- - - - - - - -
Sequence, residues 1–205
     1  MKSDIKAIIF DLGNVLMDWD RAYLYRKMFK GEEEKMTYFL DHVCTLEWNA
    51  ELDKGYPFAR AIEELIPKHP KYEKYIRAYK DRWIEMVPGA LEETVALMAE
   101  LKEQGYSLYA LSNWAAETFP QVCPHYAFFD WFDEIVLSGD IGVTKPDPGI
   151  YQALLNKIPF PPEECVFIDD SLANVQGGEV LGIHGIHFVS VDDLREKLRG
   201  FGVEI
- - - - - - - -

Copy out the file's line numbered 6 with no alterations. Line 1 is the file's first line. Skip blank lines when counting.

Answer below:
   201  FGVEI